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China-Saudi Strategic Partnership, A New Era of Globalisation By Kashif Mirza


Dec 16, 2022

The writer is an

economist, anchor,

analyst and the

President of All

 Pakistan Private

Schools’ Federation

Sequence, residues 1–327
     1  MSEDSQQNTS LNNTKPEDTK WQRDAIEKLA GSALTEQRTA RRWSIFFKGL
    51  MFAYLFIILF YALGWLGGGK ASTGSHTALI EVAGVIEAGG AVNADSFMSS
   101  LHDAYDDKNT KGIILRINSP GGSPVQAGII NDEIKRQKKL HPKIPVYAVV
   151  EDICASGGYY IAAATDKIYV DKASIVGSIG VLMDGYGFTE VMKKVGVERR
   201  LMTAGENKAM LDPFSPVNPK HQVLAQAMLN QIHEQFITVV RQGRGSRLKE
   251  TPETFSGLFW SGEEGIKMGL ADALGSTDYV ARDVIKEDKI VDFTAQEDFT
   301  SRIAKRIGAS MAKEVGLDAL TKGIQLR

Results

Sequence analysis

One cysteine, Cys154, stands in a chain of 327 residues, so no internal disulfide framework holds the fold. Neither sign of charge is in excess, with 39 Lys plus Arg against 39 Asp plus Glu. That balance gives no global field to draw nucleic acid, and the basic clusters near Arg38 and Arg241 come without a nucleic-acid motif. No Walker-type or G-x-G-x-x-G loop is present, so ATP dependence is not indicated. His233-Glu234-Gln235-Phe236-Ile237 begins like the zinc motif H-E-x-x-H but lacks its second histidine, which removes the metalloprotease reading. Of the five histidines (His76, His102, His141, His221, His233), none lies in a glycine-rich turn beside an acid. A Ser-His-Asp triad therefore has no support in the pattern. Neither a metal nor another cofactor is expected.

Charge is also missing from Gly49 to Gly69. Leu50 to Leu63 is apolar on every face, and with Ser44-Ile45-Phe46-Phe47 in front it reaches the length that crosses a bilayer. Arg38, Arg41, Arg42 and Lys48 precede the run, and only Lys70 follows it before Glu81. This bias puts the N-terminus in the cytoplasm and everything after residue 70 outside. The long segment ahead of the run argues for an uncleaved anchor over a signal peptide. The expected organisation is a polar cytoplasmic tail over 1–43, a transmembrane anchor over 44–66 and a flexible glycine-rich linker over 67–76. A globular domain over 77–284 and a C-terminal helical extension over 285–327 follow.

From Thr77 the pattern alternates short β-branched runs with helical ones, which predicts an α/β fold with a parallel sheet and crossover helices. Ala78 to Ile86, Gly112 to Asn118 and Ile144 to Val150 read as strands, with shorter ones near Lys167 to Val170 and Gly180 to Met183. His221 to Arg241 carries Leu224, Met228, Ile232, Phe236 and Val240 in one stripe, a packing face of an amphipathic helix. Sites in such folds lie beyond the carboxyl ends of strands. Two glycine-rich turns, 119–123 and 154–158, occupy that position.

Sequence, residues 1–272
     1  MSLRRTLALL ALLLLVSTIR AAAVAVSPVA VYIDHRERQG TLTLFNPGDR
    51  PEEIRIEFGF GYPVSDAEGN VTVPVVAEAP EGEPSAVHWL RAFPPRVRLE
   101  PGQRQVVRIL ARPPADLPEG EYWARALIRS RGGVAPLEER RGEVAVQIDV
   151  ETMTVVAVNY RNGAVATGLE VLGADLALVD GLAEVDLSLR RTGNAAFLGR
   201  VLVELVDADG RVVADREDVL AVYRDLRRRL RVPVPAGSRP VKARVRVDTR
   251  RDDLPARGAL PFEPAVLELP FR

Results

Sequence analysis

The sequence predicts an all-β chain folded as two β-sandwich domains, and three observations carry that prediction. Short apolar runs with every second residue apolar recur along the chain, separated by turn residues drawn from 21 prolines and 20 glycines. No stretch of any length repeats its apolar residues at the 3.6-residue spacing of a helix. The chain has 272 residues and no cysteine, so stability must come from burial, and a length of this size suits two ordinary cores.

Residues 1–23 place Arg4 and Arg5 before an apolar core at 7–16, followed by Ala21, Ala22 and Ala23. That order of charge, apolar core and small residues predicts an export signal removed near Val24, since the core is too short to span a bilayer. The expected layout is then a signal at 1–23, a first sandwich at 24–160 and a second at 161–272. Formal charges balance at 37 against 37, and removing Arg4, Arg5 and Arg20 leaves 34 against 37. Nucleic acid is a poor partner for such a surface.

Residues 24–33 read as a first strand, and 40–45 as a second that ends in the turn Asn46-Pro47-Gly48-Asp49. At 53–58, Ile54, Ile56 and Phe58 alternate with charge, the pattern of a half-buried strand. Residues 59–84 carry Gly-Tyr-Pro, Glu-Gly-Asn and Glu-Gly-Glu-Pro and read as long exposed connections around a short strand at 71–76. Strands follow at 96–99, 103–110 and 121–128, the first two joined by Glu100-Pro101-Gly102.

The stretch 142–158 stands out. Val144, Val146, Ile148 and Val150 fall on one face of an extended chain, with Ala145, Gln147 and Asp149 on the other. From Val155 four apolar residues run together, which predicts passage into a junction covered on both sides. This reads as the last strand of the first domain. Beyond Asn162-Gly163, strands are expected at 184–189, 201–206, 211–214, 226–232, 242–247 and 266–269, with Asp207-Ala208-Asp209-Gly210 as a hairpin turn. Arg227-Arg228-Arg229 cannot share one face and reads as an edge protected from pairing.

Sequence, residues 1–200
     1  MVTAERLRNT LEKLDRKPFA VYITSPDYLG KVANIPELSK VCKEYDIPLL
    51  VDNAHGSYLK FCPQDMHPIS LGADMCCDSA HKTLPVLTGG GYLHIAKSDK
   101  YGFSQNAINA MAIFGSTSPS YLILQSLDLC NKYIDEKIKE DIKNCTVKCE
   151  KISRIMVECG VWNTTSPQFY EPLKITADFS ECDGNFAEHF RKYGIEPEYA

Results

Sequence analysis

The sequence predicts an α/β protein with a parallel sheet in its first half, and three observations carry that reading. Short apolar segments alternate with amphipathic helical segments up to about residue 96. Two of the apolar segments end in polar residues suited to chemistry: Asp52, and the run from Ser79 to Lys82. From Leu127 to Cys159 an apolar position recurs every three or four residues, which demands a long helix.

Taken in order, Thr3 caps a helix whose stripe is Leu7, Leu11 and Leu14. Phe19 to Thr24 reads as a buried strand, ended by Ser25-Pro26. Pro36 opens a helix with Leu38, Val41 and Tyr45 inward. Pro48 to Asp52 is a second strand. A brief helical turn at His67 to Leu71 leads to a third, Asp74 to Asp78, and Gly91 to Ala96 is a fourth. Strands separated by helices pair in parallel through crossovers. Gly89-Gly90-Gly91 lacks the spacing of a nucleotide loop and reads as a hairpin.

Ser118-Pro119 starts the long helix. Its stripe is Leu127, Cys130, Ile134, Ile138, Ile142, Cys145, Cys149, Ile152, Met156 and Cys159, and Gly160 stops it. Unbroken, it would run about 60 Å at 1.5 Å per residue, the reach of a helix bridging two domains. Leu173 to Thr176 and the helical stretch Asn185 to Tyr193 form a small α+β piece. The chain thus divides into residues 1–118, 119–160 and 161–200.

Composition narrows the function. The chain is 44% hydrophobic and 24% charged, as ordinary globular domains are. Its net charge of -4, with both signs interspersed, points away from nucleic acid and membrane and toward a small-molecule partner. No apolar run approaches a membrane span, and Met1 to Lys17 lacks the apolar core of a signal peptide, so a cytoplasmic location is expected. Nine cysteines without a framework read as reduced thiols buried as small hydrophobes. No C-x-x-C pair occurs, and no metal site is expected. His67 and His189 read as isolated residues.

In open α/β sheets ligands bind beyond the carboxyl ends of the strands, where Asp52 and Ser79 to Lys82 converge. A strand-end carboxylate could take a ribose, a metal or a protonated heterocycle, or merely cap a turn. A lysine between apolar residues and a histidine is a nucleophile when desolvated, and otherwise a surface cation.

Chinese President Xi Jinping’s trip to Saudi Arabia involved outreach to the entire bloc of Arab states, adding momentum to growing ties. The trip showcases Beijing’s growing ties with the kingdom, a longtime American ally that is seeking greater self-reliance. President Xi said that China would work to buy oil and gas in yuan, a move that would support Beijing’s goal to establish its currency internationally and weaken the U.S. dollar’s grip on world trade. China’s growing influence in the Gulf has unnerved the United States. Deepening economic ties were touted during Xi’s visit, where he was greeted with pomp and ceremony and also met with Gulf states and attended a wider summit with leaders of Arab League countries spanning the Gulf, Levant, and Africa. Relations between Saudi Arabia and China have witnessed remarkable progress during the past decade, while the cooperative areas between the two sides are strongly expanded and widened beyond their traditional supplier-customer relationship regarding Saudi oil. Top oil exporter Saudi Arabia and economic giant China both sent strong messages during Xi’s visit on non-interference at a time when Riyadh’s relationship with Washington has been tested over human rights, energy policy, and Russia. Any move by Saudi Arabia to ditch the dollar in its oil trade would be a seismic political move, which Riyadh had previously threatened in the face of possible U.S. legislation exposing OPEC members to antitrust lawsuits. When China’s Belt and Road Initiative met Saudi Arabia’s “2030 Vision,” the friendship between China and Saudi Arabia was further deepened. In his visit to Saudi Arabia and meetings with Arab leaders last week, Xi opened a new chapter in the friendship between China and Arab states. New mechanisms were established to enhance political ties between China and Arab states. During his visit, Xi met with leaders from Saudi Arabia, Kuwait, Palestine, Egypt, Sudan, Iraq, Morocco, Algeria, Lebanon, and other Arab states. In these meetings, China reiterated its support for these Arab partners’ independent development paths, and both China and Arab states share their strong confidence toward international multilateralism. Both China and Saudi Arabia agreed to upgrade their bilateral relations into a Comprehensive Strategic Cooperative Partnership. During Xi’s visit to Saudi Arabia, China signed dozens of cooperative agreements covering energy, infrastructure, finance, education, technology, and other important fields with Arab leaders.